Skip Lockwood

From Wikipedia, the free encyclopedia
Jump to: navigation, search
Skip Lockwood
Pitcher
Born: (1946-08-17) August 17, 1946 (age 67)
Roslindale, Massachusetts
Batted: Right Threw: Right
MLB debut
April 23, 1965 for the Kansas City Athletics
Last MLB appearance
September 10, 1980 for the Boston Red Sox
Career statistics
Win-Loss Record 57-97
Earned run average 3.55
Strikeouts 829
Saves 68
Teams
Career highlights and awards
  • 19 Saves in 1976 (2nd in NL)

Claude Edward (Skip) Lockwood Jr. (born August 17, 1946 in Roslindale, Massachusetts) is an American former Major League Baseball pitcher. He pitched for the Seattle Pilots (1969), Milwaukee Brewers (1970–1973), California Angels (1974), New York Mets (1975–1979) and Boston Red Sox (1980).

Lockwood was the last of the original Seattle Pilots to play for the Brewers, being traded to the California Angels prior to the 1974 season.

Third base[edit]

Lockwood attended Catholic Memorial High School in West Roxbury, Massachusetts, where he earned 14 varsity letters in four years. His school record time in the 100-yard dash in 1964 still stands. Lockwood was a third baseman when he signed with the Kansas City Athletics out of high school in 1964 as an amateur free agent.

Despite batting only .208 with the Burlington Bees, he showed decent power with five home runs in 236 at bats, and was brought up to the majors for the 1965 season. With the A's, he batted only .121 with eleven strikeouts in 33 at bats, and was back in the minor leagues the next two seasons.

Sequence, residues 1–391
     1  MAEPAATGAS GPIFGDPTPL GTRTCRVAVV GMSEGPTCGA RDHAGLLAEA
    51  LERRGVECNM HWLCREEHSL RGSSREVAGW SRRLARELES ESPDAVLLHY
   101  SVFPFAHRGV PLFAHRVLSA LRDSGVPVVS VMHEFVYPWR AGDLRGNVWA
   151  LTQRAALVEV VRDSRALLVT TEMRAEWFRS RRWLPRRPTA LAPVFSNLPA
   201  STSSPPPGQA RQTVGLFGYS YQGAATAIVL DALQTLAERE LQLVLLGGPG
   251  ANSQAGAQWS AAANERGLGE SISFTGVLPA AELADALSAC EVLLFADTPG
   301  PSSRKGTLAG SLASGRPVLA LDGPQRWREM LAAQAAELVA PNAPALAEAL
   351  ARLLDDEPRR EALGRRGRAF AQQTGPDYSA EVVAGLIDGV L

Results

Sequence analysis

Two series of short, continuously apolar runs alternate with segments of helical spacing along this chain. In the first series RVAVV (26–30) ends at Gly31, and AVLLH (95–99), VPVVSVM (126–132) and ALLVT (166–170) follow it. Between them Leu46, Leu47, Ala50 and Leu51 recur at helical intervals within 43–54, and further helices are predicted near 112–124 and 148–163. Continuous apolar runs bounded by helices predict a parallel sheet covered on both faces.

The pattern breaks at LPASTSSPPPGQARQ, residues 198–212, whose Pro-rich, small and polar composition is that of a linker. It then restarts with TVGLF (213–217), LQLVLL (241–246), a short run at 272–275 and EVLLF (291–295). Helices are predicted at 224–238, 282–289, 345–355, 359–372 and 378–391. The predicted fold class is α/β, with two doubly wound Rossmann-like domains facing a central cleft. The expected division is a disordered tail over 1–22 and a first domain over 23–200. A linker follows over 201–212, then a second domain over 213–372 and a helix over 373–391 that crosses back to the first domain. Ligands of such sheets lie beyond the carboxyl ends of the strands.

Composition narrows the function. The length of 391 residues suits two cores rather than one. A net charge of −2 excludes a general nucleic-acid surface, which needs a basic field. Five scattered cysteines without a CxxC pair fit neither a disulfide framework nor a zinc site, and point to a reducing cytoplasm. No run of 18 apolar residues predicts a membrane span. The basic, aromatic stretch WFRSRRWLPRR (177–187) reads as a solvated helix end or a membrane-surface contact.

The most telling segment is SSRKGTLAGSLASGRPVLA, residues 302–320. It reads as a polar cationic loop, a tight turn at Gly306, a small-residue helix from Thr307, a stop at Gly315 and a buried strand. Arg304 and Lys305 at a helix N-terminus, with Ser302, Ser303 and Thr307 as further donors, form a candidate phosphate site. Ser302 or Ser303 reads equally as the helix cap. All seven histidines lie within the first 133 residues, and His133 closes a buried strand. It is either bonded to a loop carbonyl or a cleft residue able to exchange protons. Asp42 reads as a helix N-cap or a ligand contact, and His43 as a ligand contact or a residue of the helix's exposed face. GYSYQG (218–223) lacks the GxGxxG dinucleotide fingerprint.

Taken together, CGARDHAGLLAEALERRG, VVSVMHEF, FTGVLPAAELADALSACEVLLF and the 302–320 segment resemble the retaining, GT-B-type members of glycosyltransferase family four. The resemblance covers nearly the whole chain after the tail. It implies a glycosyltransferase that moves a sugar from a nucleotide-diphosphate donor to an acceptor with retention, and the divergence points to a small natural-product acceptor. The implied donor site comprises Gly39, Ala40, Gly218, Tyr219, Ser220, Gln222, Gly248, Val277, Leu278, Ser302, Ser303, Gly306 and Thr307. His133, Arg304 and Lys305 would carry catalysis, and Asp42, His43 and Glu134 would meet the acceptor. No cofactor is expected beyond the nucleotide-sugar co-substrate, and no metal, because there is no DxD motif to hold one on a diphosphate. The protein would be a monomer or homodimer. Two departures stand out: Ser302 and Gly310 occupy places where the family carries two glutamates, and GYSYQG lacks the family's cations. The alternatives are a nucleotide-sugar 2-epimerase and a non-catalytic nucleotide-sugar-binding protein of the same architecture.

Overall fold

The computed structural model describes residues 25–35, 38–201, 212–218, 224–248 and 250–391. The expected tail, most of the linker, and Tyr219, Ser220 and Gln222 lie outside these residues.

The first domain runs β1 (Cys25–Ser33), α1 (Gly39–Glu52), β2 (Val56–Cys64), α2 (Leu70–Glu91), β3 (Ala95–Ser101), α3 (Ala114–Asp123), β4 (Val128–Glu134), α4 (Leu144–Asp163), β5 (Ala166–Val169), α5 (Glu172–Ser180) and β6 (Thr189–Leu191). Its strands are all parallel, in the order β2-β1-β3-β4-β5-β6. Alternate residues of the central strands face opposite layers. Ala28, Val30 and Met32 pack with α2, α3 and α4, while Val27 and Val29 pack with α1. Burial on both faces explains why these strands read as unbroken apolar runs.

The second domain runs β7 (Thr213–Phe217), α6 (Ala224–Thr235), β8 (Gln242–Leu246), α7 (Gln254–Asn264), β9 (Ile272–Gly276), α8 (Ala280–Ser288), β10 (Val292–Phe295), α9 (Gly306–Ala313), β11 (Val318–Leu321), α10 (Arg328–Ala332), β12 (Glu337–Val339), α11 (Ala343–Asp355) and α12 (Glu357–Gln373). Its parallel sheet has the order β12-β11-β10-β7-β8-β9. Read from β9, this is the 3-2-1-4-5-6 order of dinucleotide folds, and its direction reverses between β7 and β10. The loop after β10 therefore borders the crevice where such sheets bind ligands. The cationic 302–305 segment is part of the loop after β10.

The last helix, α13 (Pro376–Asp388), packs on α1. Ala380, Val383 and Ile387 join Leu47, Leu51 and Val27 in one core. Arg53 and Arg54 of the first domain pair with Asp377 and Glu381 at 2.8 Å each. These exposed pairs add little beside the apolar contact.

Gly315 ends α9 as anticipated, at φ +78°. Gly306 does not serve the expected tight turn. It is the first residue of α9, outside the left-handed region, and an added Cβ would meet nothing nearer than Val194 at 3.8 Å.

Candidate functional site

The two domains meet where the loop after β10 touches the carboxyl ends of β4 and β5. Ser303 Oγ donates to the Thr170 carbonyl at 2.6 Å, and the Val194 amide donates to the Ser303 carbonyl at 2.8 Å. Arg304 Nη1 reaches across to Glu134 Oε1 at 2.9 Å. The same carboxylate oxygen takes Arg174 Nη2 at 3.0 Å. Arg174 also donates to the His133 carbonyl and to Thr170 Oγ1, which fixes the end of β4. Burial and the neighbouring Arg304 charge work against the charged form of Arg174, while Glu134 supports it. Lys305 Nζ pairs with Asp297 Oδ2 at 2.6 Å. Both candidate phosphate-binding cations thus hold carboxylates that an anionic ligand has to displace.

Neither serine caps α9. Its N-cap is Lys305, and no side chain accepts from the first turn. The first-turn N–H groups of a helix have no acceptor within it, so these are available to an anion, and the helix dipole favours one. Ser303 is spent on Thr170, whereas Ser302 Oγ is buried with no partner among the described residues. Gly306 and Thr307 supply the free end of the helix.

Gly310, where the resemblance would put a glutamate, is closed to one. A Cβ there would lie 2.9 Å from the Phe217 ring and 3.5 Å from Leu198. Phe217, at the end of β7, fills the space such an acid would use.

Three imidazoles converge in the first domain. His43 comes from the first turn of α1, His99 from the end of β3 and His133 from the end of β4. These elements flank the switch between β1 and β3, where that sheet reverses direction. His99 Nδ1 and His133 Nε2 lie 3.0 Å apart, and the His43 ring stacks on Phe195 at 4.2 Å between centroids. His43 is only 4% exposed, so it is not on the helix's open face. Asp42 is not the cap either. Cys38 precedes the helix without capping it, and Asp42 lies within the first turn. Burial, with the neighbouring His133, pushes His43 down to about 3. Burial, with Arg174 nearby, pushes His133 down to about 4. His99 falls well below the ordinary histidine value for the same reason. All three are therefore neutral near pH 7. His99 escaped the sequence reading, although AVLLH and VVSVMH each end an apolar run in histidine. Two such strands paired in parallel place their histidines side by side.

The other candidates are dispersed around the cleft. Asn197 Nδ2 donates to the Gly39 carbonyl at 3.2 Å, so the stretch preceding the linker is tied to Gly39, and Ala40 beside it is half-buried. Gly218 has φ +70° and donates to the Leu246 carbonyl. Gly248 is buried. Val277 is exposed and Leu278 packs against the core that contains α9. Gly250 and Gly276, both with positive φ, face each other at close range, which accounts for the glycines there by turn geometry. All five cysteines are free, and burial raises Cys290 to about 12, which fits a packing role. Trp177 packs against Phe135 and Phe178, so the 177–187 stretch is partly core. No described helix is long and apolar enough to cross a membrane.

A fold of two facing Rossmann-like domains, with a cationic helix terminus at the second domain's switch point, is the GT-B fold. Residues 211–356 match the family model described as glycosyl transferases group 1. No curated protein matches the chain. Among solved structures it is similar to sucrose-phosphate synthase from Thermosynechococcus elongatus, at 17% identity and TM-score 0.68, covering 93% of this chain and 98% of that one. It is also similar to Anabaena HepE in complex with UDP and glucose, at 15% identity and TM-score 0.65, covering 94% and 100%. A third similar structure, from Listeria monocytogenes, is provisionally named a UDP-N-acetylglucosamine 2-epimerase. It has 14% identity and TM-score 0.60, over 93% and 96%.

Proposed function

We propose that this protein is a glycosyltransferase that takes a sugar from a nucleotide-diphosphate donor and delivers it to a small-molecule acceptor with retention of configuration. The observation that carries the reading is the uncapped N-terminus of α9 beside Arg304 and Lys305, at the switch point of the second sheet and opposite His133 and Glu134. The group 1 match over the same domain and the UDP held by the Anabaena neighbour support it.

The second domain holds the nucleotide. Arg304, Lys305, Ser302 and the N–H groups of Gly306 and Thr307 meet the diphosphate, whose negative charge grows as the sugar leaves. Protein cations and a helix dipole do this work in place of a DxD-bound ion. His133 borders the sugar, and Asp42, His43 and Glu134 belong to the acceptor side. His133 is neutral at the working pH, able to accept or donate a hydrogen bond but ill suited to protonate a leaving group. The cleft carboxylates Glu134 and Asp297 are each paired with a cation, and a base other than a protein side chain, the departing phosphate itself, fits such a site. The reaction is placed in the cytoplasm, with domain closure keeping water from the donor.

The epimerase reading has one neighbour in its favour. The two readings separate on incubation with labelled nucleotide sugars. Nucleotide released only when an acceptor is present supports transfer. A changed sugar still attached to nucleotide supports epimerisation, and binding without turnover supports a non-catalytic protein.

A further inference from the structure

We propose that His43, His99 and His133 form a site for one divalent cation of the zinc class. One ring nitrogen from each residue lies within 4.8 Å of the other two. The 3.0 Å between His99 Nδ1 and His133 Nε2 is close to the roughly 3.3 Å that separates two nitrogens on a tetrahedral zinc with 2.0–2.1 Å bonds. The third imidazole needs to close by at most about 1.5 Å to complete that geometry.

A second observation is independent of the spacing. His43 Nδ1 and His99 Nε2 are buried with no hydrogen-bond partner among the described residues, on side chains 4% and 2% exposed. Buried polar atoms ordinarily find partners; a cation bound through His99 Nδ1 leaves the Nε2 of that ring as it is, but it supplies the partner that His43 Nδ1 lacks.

Pitcher[edit]

On November 28, 1967, Lockwood was drafted by the Houston Astros in the 1967 Rule 5 draft, but, following spring training, he was returned to his original club, which had moved to Oakland. Upon his return to the Athletics organization, Lockwood was converted to a pitcher despite having only pitched one inning with the Modesto Reds in 1966. On October 15, 1968, he was selected by the Seattle Pilots in the 1968 expansion draft. During their first and only season, he made his major league debut on the mound with the Pilots, going 0-1 with a 3.52 earned run average in six games.

Lockwood spent the next four years with the franchise following their move to Milwaukee, and spent most of his time with the Brewers as a starting pitcher. In his final season in Milwaukee, 1973, he made 22 of his 37 appearances out of the bullpen. Up to that point, he'd only made seven appearances in relief.

Relief pitcher[edit]

Following an off season trade, Lockwood was used almost exclusively as a reliever by the California Angels (35 relief appearances, two starts). With the Angels, he earned his first save.

In 1975, Lockwood joined the New York Mets. It was in New York that Lockwood truly blossomed as a reliever. In 1976 and 1977, Lockwood earned 19 and 20 saves, respectively, and established a Mets season record for Games in 1977 with 63. According to the Mets blog, Amazin' Avenue, Lockwood is the forty-second best player in Mets history.[1] Unfortunately Lockwood played for the Mets during one of the darker times in franchise history (98 losses in 1977, 96 in 1978 & 99 in 1979).

He signed with the Boston Red Sox for the 1980 season, going 3-1 and making one start. The following Spring, he was released by the Red Sox, and retired shortly afterwards. In twelve seasons, Lockwood's career stats are:

W L PCT ERA G GS GF CG SHO SV IP H ER R HR BB IBB K WP HBP Bk BF Fld% Avg
57 97 .370 3.55 420 106 219 16 5 68 1236 1130 488 539 98 490 62 829 43 33 5 5215 .951 .154

Earning a degree[edit]

Lockwood graduated from the Massachusetts Institute of Technology with a S.M. in 1983. He is one of the few MIT graduates who have played Major League Baseball.[2] Lockwood was also an accomplished candlepin bowler.

See also[edit]

References[edit]

  1. ^ Simon, Eric (2007-01-23). "The Top 50 Mets of All Time: #42 Skip Lockwood". Amazin' Avenue. Archived from the original on 2007-12-25. Retrieved 2008-02-07. 
  2. ^ "MIT alum makes it to 'the show'". MIT News Office. 2004-04-06. Retrieved 2009-05-06. 

External links[edit]